Quantifying Mind - Quantifying Mind The Neuropsychology of Trading Brett N Steenbarger Ph.D Note This is a version of a posting to the SpecList

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Quantifying Mind: The Neuropsychology of Trading Brett N. Steenbarger, Ph.D. Note: This is a version of a posting to the SpecList from April, 2003. Abstract: This is a lengthy posting on brain activity as it relates to trading. While recent advances in functional magnetic resonance imaging are revealing important brain- behavior relationships, such research is difficult to conduct with traders. Use of thermal biofeedback holds particular promise in objectively quantifying the degree to which individuals are engaging in executive cognitive functions. Preliminary data suggest that such biofeedback accurately discriminates between haphazard/discretionary and rule- governed/mechanical trading methods. One of the traditional challenges research psychologists have faced is the reliance upon the self-report of experimental subjects for data on such variables as moods, intentions, etc. With the advent of functional magnetic resonance imaging (fMRI), it has become possible to track cerebral blood flow patterns among subjects as they perform various tasks. This allows researchers to see which areas of the brain are activated during standardized tasks that draw upon particular cognitive functions. Such standardization is necessary when assessing the functioning of particular patients. For instance, a task called the PASAT (Paced Auditory Serial Addition Test) presents subjects with a series of numbers. Each number in the series is followed by n seconds of silence before the next number is presented. The task is for subjects to add the series of numbers mentally. This tests auditory processing speed, attention, and calculating ability. By obtaining fMRI pictures of normal subjects engaging in the PASAT, we have a sense for the brain regions that are activated when engaged in these functions. When a brain damaged patient is asked to perform the PASAT, the fMRI reveals those relevant brain regions that are not receiving adequate blood flow. Interestingly, when efforts at cognitive rehabilitation are undertaken, the brain damaged patients can regain some of their skill at tasks such as the PASAT. This is corroborated by fMRI pictures that show new regions of blood flow to those brain areas associated with auditory processing and attention. The implications of this work are profound, suggesting that the brain is much more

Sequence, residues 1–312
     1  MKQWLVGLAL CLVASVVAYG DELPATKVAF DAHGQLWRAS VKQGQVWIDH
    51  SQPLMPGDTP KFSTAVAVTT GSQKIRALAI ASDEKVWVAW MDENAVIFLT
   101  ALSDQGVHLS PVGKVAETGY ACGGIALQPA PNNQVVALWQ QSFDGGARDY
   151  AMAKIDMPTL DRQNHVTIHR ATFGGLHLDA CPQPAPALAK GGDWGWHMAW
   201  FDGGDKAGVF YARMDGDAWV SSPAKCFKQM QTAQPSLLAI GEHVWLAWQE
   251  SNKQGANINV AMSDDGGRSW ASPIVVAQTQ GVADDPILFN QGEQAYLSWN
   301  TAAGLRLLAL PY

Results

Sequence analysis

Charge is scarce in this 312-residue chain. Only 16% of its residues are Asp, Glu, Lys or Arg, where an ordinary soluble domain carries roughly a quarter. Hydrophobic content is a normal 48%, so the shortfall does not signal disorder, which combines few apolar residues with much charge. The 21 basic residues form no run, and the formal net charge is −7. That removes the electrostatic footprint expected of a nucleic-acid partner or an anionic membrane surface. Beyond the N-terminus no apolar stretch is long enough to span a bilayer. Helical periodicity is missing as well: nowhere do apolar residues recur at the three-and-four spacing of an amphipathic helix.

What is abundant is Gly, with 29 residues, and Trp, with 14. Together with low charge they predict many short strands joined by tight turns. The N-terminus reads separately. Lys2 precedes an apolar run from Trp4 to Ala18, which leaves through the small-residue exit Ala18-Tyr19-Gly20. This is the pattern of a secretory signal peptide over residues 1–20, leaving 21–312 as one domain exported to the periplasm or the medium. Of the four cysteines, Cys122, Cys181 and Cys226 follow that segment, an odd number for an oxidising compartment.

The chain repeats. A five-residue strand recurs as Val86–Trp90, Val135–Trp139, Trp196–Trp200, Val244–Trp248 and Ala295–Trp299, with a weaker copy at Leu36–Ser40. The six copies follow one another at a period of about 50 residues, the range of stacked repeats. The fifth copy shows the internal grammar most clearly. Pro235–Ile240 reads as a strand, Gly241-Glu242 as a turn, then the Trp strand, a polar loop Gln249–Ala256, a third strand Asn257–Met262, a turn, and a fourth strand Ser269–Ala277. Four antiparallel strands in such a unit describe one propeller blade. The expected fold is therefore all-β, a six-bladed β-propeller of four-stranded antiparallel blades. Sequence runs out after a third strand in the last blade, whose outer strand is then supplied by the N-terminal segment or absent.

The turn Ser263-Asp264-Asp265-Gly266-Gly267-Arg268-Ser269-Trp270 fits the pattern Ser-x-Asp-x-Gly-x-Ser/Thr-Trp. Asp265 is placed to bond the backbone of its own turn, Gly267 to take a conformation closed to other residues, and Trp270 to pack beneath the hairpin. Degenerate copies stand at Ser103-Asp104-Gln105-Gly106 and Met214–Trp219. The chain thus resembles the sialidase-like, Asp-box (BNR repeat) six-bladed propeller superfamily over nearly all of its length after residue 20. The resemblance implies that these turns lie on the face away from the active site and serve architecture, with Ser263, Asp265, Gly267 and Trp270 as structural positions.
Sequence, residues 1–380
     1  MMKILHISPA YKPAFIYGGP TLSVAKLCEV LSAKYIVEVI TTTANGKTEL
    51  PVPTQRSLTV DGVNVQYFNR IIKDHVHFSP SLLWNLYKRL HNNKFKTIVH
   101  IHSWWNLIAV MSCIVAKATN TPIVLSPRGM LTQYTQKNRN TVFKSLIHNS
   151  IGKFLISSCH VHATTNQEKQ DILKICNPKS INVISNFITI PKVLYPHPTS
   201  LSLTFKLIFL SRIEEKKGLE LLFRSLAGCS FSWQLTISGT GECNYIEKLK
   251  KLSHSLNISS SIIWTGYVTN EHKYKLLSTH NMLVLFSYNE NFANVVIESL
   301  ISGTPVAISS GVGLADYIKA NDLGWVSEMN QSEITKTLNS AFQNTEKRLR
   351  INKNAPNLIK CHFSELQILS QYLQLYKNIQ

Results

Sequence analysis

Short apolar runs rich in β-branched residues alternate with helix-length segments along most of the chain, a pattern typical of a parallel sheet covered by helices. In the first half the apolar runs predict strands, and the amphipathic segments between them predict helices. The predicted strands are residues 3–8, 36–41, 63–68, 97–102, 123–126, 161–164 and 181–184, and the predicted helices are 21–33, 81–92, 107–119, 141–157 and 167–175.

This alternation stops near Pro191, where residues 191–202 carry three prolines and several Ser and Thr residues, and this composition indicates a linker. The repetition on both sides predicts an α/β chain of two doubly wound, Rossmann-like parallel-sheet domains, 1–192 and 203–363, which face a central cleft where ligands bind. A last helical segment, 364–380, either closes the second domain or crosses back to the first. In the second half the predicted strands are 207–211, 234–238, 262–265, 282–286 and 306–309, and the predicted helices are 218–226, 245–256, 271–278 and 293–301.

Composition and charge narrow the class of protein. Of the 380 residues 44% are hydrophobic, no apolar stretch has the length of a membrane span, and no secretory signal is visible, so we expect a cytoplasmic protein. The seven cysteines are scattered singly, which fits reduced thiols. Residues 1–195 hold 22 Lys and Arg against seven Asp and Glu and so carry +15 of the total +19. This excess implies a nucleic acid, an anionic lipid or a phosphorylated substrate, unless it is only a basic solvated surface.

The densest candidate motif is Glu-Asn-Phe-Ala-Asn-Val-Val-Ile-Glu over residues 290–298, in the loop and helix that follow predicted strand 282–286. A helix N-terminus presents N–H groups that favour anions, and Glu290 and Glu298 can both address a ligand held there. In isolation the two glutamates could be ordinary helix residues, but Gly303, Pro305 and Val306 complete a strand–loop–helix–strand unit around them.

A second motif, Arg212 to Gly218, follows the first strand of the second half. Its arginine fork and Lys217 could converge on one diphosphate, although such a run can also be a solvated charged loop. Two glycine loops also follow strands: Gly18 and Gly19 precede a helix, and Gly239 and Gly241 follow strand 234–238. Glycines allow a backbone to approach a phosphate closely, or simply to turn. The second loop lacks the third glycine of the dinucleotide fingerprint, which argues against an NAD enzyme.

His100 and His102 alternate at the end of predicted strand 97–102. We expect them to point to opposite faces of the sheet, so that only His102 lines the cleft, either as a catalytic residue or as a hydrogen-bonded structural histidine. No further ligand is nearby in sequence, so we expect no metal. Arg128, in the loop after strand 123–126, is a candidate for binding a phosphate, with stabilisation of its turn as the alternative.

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This note was uploaded on 08/11/2009 for the course FINANCE Fixed Inco taught by Professor Proflim during the Three '09 term at University of Adelaide.

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Quantifying Mind - Quantifying Mind The Neuropsychology of Trading Brett N Steenbarger Ph.D Note This is a version of a posting to the SpecList

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